Thank you for responding, dand48, hopeful33250, Theresa, and destinanna. I still suffer from GERD from a hiatal hernia. I have taken Oemprazole a little over two years and want to get off of the medication because of the associated health issues of poor absorption of key nutrients (D, B12, and calcium are the ones I am familiar with).
My provider, a competent gentleman, has said "hmmmm." I am an RN so am used to doing the research and my own investigation. I have not found evidenced based information / articles on weaning off of Omeprazole. I have heard it can be done and tried to do so but was met with resistance and poor results when I attempted to do so. I switched over to Zantac and the first three days were reasonable and after that it was very uncomfortable).
The celery sounds hopeful and am trying to figure out the mechanism of action for its success. I have tried cider vinegar and it was met with severe cramping.
I am seeking successful scenario's by the valued participants on this board and will do a fair amount of research / experimentation on my own of what works for me. I take responsibility for my nutrition. I am also Lactose intolerant and have a few other sensitivities / intolerances in digestion.I thank you in advance for any additional feedback.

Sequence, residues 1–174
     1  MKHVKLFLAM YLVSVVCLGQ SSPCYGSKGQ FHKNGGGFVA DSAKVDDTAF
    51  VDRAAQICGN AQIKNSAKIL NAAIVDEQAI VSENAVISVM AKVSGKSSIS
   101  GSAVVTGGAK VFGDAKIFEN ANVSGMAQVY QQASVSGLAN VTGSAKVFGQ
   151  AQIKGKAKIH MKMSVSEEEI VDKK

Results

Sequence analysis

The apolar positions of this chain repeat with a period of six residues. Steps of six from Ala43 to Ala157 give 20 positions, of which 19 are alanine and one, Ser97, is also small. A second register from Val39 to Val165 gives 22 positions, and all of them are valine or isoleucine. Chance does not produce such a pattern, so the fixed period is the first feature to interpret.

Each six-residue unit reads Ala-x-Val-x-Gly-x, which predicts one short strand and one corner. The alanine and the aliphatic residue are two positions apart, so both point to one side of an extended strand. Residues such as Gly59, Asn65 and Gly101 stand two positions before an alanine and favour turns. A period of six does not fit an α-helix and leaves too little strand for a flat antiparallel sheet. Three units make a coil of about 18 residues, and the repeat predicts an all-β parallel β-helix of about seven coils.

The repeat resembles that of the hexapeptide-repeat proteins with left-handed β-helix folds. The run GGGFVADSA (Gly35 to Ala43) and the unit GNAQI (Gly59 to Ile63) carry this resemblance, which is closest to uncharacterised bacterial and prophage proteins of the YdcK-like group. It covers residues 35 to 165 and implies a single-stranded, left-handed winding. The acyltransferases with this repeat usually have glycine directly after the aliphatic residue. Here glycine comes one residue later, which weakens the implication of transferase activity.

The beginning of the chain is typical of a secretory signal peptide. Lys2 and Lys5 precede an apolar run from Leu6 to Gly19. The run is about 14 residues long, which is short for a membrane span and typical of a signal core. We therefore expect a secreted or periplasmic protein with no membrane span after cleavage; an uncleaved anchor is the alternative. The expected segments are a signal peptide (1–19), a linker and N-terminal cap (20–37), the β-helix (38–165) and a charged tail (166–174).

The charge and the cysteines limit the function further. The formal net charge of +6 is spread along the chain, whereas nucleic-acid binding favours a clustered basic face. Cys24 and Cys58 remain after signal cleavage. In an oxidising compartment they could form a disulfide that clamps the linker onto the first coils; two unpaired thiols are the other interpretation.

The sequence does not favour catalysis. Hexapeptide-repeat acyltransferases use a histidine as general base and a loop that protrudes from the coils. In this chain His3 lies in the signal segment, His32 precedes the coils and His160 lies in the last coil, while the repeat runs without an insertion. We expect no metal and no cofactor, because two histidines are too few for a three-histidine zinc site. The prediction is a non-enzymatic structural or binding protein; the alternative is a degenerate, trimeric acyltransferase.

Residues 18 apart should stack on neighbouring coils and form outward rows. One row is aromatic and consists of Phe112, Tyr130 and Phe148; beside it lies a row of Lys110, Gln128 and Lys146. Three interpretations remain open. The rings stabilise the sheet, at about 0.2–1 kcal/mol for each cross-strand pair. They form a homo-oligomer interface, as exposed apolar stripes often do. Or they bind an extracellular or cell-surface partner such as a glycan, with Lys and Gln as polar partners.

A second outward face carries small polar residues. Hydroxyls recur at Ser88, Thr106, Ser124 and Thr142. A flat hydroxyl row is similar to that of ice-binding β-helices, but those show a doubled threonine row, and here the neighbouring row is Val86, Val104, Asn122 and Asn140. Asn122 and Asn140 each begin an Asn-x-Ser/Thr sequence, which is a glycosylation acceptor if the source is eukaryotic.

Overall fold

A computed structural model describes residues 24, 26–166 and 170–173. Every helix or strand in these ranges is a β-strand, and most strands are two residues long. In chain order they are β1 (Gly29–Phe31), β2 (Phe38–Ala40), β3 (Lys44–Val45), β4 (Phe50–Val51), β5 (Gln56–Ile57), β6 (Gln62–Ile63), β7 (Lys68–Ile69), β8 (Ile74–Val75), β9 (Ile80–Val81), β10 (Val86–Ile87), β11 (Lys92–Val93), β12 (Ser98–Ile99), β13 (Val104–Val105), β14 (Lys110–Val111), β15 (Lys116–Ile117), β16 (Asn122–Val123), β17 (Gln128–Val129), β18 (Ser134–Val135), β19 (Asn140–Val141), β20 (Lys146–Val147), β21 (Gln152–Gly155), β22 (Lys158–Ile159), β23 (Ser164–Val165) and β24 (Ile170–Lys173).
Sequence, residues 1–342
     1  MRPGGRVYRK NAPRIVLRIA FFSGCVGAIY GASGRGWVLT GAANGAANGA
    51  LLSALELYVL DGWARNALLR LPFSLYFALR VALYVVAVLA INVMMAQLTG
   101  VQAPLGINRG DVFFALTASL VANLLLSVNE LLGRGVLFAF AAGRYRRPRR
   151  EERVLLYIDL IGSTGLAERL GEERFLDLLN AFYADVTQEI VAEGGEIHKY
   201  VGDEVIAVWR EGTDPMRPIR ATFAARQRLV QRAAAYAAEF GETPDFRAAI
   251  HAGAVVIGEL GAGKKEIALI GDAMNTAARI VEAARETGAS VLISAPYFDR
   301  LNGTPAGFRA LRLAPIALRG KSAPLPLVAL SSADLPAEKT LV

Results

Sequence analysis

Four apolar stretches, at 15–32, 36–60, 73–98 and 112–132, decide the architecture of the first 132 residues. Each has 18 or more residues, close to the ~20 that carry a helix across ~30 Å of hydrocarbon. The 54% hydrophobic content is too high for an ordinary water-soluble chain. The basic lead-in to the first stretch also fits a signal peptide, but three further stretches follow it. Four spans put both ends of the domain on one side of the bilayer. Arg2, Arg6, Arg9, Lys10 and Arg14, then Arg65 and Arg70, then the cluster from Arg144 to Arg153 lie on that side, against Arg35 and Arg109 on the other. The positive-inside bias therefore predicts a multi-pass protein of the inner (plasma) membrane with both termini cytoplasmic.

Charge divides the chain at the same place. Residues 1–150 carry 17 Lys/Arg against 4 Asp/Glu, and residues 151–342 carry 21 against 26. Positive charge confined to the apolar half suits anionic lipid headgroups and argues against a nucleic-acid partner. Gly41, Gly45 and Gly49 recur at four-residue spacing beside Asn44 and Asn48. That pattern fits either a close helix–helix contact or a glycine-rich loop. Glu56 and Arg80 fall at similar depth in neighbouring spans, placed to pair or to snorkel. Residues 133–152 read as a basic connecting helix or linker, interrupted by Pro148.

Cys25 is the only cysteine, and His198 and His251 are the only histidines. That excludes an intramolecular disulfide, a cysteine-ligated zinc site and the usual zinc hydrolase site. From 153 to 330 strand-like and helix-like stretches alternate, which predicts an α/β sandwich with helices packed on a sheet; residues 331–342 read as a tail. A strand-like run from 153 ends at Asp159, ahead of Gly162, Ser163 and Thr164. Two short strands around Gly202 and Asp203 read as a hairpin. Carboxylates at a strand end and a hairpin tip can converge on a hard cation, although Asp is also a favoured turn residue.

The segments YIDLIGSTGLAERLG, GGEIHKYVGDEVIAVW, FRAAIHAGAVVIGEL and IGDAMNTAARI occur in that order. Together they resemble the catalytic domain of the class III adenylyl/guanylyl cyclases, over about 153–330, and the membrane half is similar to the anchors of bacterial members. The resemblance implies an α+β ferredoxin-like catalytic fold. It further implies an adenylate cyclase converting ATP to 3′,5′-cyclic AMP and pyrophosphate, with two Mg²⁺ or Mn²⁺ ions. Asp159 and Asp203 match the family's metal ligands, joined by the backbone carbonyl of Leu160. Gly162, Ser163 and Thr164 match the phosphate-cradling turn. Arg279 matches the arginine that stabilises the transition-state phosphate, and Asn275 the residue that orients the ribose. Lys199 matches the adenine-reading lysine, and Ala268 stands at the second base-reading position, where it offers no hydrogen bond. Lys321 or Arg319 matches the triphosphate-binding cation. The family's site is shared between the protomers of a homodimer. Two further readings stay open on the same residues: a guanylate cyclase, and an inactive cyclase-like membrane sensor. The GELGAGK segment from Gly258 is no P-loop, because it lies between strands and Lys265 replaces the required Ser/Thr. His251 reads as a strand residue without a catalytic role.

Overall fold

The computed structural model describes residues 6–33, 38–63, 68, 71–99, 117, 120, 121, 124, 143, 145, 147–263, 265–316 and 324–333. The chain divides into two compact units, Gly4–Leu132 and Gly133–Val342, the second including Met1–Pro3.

@shahnaz I tried Zantac and it made my blood sugar drop. The Dr. could not explain that one to me? They just switched me to the omeprazole instead.
Liked by Teresa, Volunteer Mentor, Gail, Alumna Mentor
I have not; I will be setting up an appt. with my Gastro. doc (likely) at years end as I am dealing with another health matter within our family (unrelated to this). Thanks for your posting, DrRoberts.
If you are interested, you might look this up on YouTube. LINX and Dr. Lipham. He has a thorough video that gives a lot of information. The medications only mask the symptoms, does not cure the cause of reflux. It only gets worse. That’s why I M having the LINX Sohincter Augmentation done in September. It just makes sense.
BTW, my initials are drr. I am not a doctor.